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[Hospital mortality after emergency surgery for perforated diverticulitis].
Ned Tijdschr Geneeskd 2009; 153(25):1209-14NT

Abstract

OBJECTIVE

To assess which factors predict in-hospital mortality after emergency surgery for acute perforated diverticulitis.

DESIGN

Multicenter retrospective study.

METHOD

From 1995-2005 a total of 291 patients underwent surgery to treat perforated diverticulitis in five teaching hospitals in Rotterdam, the Netherlands. The relation to postoperative mortality of patient-related risk factors such as age, gender and classification according to the American Society of Anesthesiologists (ASA); disease severity factors such as Hinchey score and Mannheim peritonitis index (MPI); surgery-related risk factors, such as type of surgery, e.g. Hartmann’s procedure (HP) or resection with primary anastomosis; surgeon, and time of operation were evaluated using multivariate analysis.

RESULTS

The total postoperative in-hospital mortality was 29%. HP was performed 211 times and primary anastomosis was performed 75 times. HP was significantly more frequently performed in patients with higher values of age, ASA, Hinchey and MPI (all: p < 0.01). Multiple logistic regression analysis showed that age, ASA classification, Hinchey score, MPI and the absence of a specialist gastrointestinal surgeon during surgery, were important prognostic factors of mortality. Surgical technique was not related to postoperative mortality (adjusted odds ratio for mortality (HP versus primary anastomosis): 1.3; 95% CI: 0.6-2.9; p = 0.54).

CONCLUSION

The type of surgery did not appear to be a risk factor for high postoperative mortality. As well as patient-related risk factors, including age, ASA and severity of disease scores, such as Hinchey score and MPI, the absence of a specialist gastrointestinal surgeon during surgery was found to be a factor associated with high mortality risk.

Authors

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Pub Type(s)

English Abstract
Journal Article
Multicenter Study

Language

dut

PubMed ID

21696012

Citation

Vermeulen, Jefrey, et al. "[Hospital Mortality After Emergency Surgery for Perforated Diverticulitis]." Nederlands Tijdschrift Voor Geneeskunde, vol. 153, no. 25, 2009, pp. 1209-14.
Vermeulen J, Gosselink MP, Hop WC, et al. [Hospital mortality after emergency surgery for perforated diverticulitis]. Ned Tijdschr Geneeskd. 2009;153(25):1209-14.
Vermeulen, J., Gosselink, M. P., Hop, W. C., Lange, J. F., Coene, P. P., van der Harst, E., ... Mannaerts, G. H. (2009). [Hospital mortality after emergency surgery for perforated diverticulitis]. Nederlands Tijdschrift Voor Geneeskunde, 153(25), pp. 1209-14.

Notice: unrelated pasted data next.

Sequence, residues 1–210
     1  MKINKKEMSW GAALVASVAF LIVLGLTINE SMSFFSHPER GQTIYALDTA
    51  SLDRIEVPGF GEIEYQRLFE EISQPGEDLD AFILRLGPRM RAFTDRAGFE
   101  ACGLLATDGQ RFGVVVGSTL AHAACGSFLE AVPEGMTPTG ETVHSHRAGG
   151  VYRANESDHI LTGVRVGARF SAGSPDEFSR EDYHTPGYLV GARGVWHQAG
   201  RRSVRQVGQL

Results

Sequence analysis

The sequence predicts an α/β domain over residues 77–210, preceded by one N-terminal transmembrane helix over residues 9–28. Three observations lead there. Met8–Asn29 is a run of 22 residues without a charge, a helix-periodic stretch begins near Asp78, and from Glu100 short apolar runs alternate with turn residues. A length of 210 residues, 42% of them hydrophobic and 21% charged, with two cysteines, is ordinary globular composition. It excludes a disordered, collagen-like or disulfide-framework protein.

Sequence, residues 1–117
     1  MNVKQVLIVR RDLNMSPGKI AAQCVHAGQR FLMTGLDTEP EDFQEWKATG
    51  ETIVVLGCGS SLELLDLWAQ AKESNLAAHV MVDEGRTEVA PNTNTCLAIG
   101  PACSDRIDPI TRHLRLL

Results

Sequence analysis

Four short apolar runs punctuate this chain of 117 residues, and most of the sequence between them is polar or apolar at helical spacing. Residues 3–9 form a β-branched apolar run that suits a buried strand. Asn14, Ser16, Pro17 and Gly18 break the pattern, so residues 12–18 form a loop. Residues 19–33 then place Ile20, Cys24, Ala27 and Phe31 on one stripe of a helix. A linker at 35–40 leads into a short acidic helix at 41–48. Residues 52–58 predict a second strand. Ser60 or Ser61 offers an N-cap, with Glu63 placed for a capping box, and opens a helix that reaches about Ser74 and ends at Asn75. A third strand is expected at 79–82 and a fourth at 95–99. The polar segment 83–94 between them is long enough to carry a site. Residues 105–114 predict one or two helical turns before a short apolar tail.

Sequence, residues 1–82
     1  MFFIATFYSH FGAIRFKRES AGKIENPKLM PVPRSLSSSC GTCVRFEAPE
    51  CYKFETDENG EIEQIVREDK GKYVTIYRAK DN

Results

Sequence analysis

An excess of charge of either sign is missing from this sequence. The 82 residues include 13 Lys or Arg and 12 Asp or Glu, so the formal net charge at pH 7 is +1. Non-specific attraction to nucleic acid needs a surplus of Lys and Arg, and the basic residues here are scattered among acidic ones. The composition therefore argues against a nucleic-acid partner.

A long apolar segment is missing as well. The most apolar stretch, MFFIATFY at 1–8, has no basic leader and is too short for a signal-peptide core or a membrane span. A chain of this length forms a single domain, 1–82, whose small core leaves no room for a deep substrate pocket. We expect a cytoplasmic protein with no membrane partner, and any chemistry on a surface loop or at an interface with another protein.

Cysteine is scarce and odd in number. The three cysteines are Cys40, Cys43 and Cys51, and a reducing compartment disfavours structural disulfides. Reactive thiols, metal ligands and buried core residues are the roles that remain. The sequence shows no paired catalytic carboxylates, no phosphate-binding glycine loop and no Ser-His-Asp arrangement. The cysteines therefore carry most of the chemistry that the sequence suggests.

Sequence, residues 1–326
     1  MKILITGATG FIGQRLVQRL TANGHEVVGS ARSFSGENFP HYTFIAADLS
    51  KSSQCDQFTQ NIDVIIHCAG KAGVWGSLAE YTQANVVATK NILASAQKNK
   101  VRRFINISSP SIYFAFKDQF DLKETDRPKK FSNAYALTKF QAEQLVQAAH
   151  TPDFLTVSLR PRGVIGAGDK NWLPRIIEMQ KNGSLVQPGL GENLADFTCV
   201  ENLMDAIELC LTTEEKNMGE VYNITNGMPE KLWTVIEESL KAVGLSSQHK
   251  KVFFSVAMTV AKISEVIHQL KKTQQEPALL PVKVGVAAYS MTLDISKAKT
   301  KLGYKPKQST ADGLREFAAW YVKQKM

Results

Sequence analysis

Vermeulen J, et al. [Hospital Mortality After Emergency Surgery for Perforated Diverticulitis]. Ned Tijdschr Geneeskd. 2009;153(25):1209-14. PubMed PMID: 21696012.
* Article titles in AMA citation format should be in sentence-case
TY - JOUR T1 - [Hospital mortality after emergency surgery for perforated diverticulitis]. AU - Vermeulen,Jefrey, AU - Gosselink,Martijn P, AU - Hop,Wim C J, AU - Lange,Johan F, AU - Coene,Peter-Paul L O, AU - van der Harst,Erwin, AU - Weidema,Wilbo F, AU - Mannaerts,Guido H H, PY - 2011/6/24/entrez PY - 2011/6/24/pubmed PY - 2012/4/20/medline SP - 1209 EP - 14 JF - Nederlands tijdschrift voor geneeskunde JO - Ned Tijdschr Geneeskd VL - 153 IS - 25 N2 - OBJECTIVE: To assess which factors predict in-hospital mortality after emergency surgery for acute perforated diverticulitis. DESIGN: Multicenter retrospective study. METHOD: From 1995-2005 a total of 291 patients underwent surgery to treat perforated diverticulitis in five teaching hospitals in Rotterdam, the Netherlands. The relation to postoperative mortality of patient-related risk factors such as age, gender and classification according to the American Society of Anesthesiologists (ASA); disease severity factors such as Hinchey score and Mannheim peritonitis index (MPI); surgery-related risk factors, such as type of surgery, e.g. Hartmann’s procedure (HP) or resection with primary anastomosis; surgeon, and time of operation were evaluated using multivariate analysis. RESULTS: The total postoperative in-hospital mortality was 29%. HP was performed 211 times and primary anastomosis was performed 75 times. HP was significantly more frequently performed in patients with higher values of age, ASA, Hinchey and MPI (all: p < 0.01). Multiple logistic regression analysis showed that age, ASA classification, Hinchey score, MPI and the absence of a specialist gastrointestinal surgeon during surgery, were important prognostic factors of mortality. Surgical technique was not related to postoperative mortality (adjusted odds ratio for mortality (HP versus primary anastomosis): 1.3; 95% CI: 0.6-2.9; p = 0.54). CONCLUSION: The type of surgery did not appear to be a risk factor for high postoperative mortality. As well as patient-related risk factors, including age, ASA and severity of disease scores, such as Hinchey score and MPI, the absence of a specialist gastrointestinal surgeon during surgery was found to be a factor associated with high mortality risk. SN - 1876-8784 UR - https://www.unboundmedicine.com/medline/citation/21696012/[Hospital_mortality_after_emergency_surgery_for_perforated_diverticulitis]_ L2 - http://www.diseaseinfosearch.org/result/9681 DB - PRIME DP - Unbound Medicine ER -